Here at The Green Lane Association, we believe that access to the countryside should be for all, without prejudice to method of travel, or physical, sensory, mental, cognitive, developmental, or intellectual challenges faced by users.
Recreation and time spent outdoors is undeniably good for both physical and mental health. Since Covid struck and the country faced a lockdown situation, the benefits of access to outdoor green spaces has probably never been felt so acutely by so many. Acknowledging this vital importance to human health, the government put measures in place to protect our rights and need to spend time outdoors despite huge challenges during that time.
While we all faced a communal challenge during Covid, one in five people in the UK face daily barriers to various activities due to some form of disability. This can often be particularly felt when wishing to access our country’s more remote areas.
The UK is full of beautiful hills, valleys, mountains, and lakes that may feel inaccessible to some due to physical barriers to their isolated locations. Others may find distance a challenge due to fatigue, the need to carry medical equipment, or sensory overload when visiting tourist hotspots full of crowds and activity.
Challenges that affect 20% of our population can vary hugely from one person to the next, and this can often lead to missed opportunities to experience the beauty of the UK’s great outdoors, but The Green Lane Association believe that access really should be for all where possible.
Using our nation’s network of ancient unsurfaced roads from the comfort of a vehicle can make stunning vistas, historical sites, and beautiful green spaces accessible to those who may well believe that the rights of way network for foot, cycle and horse traffic offers little opportunity to them.
For the purposes of countryside legislation, motorised use is classed as outdoor recreation and some aspects of motor vehicle use are now part of our cultural heritage, this is therefore something that public authorities are obliged to consider conserving.
Our local authorities have a duty to maintain rights of way without prejudice to any user type and under discrimination laws cannot disadvantage those who face physical or cognitive challenges to a legal and beneficial activity.
Green laning is unique in being an activity that allows complete independence. Unlike many outdoor activities that may require specialist equipment, supervision, or restrict use to purpose-made accessible areas, use of byways either as a driver of your own vehicle, or passenger in another, is outwardly the same for all.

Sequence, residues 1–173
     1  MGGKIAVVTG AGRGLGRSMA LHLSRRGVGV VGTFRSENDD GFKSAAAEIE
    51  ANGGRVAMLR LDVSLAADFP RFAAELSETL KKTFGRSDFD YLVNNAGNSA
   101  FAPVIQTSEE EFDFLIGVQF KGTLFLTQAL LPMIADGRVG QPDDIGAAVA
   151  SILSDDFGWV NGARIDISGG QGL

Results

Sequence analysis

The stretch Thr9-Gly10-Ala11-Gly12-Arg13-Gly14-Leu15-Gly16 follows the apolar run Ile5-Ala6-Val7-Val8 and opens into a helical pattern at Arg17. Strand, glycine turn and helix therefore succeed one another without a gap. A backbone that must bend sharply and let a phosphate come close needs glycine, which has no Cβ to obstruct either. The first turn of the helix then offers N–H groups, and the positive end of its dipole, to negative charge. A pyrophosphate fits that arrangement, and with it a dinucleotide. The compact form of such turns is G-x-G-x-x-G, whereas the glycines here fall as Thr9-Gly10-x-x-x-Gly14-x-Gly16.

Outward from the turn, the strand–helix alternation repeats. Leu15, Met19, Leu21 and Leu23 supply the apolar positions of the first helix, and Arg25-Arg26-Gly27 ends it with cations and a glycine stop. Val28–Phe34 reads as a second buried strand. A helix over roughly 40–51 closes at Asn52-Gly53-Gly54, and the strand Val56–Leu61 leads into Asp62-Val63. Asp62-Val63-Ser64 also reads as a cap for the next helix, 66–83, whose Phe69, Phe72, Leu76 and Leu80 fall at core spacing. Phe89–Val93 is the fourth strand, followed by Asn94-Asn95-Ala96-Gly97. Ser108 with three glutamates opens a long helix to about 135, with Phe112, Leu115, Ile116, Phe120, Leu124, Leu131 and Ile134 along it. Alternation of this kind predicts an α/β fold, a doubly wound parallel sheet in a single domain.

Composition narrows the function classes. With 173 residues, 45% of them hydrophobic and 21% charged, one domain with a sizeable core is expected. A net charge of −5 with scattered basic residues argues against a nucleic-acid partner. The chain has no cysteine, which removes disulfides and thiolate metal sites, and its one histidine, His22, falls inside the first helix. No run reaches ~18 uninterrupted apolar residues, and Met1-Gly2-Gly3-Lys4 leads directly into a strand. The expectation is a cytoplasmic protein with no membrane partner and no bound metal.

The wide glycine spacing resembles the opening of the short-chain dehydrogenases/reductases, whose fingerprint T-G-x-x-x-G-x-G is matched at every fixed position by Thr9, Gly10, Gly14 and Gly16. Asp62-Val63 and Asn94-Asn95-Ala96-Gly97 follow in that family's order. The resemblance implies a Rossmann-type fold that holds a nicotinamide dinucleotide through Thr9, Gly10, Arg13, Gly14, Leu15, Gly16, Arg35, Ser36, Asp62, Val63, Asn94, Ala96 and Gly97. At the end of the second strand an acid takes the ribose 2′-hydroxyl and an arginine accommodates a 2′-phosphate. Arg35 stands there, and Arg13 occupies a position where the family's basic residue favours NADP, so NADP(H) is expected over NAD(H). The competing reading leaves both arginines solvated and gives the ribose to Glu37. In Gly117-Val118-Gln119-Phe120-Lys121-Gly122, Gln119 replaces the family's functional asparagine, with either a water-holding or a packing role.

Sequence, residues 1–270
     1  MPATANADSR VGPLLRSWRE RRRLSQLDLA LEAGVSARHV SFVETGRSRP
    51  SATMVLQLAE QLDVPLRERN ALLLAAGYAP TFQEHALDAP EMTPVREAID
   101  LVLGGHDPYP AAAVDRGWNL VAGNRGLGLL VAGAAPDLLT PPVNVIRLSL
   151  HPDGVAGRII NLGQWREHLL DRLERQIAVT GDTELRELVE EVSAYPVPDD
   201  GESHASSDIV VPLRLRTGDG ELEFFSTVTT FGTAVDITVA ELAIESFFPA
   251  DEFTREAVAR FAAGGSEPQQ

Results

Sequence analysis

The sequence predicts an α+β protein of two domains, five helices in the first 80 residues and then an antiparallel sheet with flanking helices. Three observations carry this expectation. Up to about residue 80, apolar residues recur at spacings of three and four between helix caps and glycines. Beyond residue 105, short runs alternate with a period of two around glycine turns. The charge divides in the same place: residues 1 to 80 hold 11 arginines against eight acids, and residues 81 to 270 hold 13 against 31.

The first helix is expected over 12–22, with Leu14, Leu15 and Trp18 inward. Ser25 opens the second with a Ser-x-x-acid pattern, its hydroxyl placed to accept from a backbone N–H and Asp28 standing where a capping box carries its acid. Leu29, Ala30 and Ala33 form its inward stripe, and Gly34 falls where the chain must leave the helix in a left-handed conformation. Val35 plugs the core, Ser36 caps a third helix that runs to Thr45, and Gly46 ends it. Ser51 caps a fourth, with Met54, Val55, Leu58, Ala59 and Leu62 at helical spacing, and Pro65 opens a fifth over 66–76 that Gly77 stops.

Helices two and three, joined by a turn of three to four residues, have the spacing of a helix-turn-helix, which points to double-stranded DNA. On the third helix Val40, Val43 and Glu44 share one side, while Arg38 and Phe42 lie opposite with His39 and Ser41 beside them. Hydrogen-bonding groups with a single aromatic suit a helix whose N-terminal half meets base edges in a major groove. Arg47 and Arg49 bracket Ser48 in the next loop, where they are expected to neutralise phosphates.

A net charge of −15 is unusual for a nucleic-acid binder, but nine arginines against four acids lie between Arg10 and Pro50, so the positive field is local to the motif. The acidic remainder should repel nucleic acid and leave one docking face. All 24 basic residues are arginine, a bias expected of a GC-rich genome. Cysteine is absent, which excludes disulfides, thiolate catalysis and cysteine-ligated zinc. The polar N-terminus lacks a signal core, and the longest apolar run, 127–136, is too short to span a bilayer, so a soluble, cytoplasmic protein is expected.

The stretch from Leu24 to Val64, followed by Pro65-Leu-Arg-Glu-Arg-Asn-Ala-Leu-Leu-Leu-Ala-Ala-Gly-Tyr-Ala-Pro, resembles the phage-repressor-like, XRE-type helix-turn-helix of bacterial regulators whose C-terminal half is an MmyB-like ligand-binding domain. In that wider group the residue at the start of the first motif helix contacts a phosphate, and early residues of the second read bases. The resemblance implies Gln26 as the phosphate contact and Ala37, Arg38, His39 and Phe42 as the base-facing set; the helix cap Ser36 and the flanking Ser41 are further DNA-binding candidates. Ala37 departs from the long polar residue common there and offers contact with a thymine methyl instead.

Unfortunately, byways open to all traffic (BOATs) have historically faced many closures and now make up only around 3% of the rights of way network in the UK. The Green Lane Association work to protect these vital resources for the benefit of all. No other right of way class affords access to as many user groups or opportunities for those who cannot safely access footpaths or bridleways, and therefore the countryside, without vehicular support. This precious resource is deserving of our protection as are the rights of those who use them, and by proxy the numerous mental and physical health benefits that arise from their use for recreational purposes, particularly for those with additional needs.
As a national organisation, we offer our members access to all the information they need to enjoy the remaining network of unsurfaced public roads in the UK. In addition to the only green lane route planning tool in existence that covers the whole country in one place (Trailwise2) we offer the support of reps in each county, and local area social media groups in each region to help members meet other likeminded people. We also encourage physical group outings and attendance of events organised using the resources we make available. For more information contact our Accessibility Team at
Highways Act 1980: https://www.legislation.gov.uk/ukpga/1980/66/contents
Highways Act Section 130: https://www.legislation.gov.uk/ukpga/1980/66/section/130